2020 Neuse Estuary hypoxia forecast

As part of a Sea Grant funded project, we are forecasting moderately low mean oxygen levels for the Neuse Estuary this summer (July-August).  The forecast is based on moderate estuary flushing over the winter and early spring, and moderate streamflow conditions (and nutrient load) in May.  Forecasted oxygen levels are conducive to fish kills, though meteorological variability make such events difficult to predict in advance.  The following Sea Grant post shows the 2020 forecast as well as a retrospective assessment of least year’s forecast.

Midsummer Neuse River Forecast Shows Greater Potential for Fish Kills

 

2020 Gulf hypoxia expected to be severe, but not a record year

Researchers are expecting severe hypoxia this summer in the Northern Gulf of Mexico.  A NOAA-sponsored ensemble of models has forecasted a ‘Dead Zone’ of 6700 sq mi, substantially larger than the state of Connecticut. The best estimate from the NCSU/Obenour Lab model, which is included in the NOAA ensemble, is 17,200 sq km (6600 sq mi). This estimate reflects above-average flow and nutrient loading from the Mississippi River this spring (as determined by USGS), coupled with average westward wind velocities that deliver nutrients and freshwater over the Louisiana-Texas shelf.

Model forecasts are compared to observations from the midsummer LUMCON shelfwide cruise. Considering typical weather variability and other system uncertainties, we estimate less than a 5% chance of observing a record (>22,700 sq km) hypoxic area this year. There is almost no chance of observing a hypoxic area of less than 5000 sq km (management goal), unless a major storm disrupts the hypoxic zone prior to the monitoring cruise.

2019 Neuse Estuary hypoxia forecast

As part of a Sea Grant funded project, we are forecasting higher mean oxygen levels for the Neuse Estuary this summer (July-August).  The forecast is based on high estuary flushing over the winter and early spring, followed by a drop in flow (and nutrient load) in May.  Higher average oxygen levels can reduce the risk of severe fish kills, though meteorological variability make such events difficult to predict in advance.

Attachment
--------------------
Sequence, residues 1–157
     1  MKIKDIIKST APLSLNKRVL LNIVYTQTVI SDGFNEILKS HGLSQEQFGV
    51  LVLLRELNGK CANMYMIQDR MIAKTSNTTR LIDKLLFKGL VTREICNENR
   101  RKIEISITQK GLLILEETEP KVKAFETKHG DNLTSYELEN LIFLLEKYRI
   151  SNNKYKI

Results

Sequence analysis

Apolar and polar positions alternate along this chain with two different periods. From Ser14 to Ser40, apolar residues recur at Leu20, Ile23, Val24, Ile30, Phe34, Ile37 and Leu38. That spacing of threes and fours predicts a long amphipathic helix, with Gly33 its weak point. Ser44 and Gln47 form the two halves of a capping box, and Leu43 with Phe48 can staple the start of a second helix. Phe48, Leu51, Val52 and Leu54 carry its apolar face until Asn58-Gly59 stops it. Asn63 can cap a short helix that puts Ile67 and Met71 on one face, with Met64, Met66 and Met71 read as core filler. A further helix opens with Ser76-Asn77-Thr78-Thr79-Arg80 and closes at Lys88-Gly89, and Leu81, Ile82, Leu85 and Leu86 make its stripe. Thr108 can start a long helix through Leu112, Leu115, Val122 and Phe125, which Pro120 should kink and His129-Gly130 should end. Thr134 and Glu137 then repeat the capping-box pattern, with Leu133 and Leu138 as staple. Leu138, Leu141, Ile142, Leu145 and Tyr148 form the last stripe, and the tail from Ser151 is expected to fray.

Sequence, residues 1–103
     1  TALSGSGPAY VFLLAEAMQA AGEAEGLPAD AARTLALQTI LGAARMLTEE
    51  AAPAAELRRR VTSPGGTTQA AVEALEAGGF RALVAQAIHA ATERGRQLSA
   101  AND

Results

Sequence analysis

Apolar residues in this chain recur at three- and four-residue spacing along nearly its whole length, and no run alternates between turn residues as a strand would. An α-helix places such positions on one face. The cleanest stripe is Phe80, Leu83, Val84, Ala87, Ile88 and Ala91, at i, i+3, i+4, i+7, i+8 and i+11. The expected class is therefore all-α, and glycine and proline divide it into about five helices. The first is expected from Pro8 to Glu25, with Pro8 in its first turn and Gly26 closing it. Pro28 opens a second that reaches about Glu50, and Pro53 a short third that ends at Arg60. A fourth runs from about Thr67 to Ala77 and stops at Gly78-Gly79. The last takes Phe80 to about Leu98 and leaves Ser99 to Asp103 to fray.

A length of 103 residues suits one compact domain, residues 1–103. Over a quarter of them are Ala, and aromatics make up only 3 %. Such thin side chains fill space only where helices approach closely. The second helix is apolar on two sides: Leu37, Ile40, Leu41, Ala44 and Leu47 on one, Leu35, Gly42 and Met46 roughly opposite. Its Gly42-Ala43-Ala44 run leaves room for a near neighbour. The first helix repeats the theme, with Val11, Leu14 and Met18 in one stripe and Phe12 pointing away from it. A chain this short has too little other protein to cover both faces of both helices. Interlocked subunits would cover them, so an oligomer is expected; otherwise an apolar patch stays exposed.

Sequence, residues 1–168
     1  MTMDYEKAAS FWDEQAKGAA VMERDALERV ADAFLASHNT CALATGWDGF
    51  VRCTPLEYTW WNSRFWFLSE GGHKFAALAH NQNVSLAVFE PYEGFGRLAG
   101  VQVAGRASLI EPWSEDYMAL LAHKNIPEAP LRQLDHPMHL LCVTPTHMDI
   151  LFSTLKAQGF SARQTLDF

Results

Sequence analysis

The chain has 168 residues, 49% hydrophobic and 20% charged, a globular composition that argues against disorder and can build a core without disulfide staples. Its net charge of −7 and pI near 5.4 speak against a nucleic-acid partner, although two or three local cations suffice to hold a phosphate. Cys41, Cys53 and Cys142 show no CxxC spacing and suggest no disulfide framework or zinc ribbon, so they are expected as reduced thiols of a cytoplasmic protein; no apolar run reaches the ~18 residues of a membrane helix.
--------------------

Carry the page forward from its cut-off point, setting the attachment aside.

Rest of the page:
For more information…

Researchers Forecast Healthier Neuse River Oxygen Levels

2019 Could be a record year for Gulf hypoxia

Researchers are expecting severe hypoxia this summer in the Northern Gulf of Mexico.  A NOAA-sponsored ensemble of models has forecasted a ‘Dead Zone’ of 20,300 sq km, roughly equivalent to the land area of Massachusetts. The best estimate from the NCSU/Obenour Lab model is 20,800 sq km. This estimate reflects the above average flow and nutrient loading from the Mississippi River this spring, coupled with strong westward winds to deliver nutrients and freshwater over the Louisiana-Texas shelf.

Considering the uncertainty in these predictions, largely attributable to summer hydro-meteorological variability, there is a 22% chance that a record hypoxic zone could be measured by the LUMCON shelfwide cruise this summer.